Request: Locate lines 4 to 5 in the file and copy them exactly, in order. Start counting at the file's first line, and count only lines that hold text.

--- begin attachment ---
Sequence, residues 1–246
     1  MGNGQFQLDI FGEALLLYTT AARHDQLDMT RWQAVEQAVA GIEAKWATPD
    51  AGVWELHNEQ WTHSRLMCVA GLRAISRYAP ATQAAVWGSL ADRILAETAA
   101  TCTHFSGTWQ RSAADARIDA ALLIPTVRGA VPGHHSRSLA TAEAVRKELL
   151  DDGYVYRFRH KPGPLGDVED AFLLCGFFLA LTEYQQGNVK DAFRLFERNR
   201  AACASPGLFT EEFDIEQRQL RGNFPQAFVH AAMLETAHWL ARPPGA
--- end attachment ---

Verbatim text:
   101  TCTHFSGTWQ RSAADARIDA ALLIPTVRGA VPGHHSRSLA TAEAVRKELL
   151  DDGYVYRFRH KPGPLGDVED AFLLCGFFLA LTEYQQGNVK DAFRLFERNR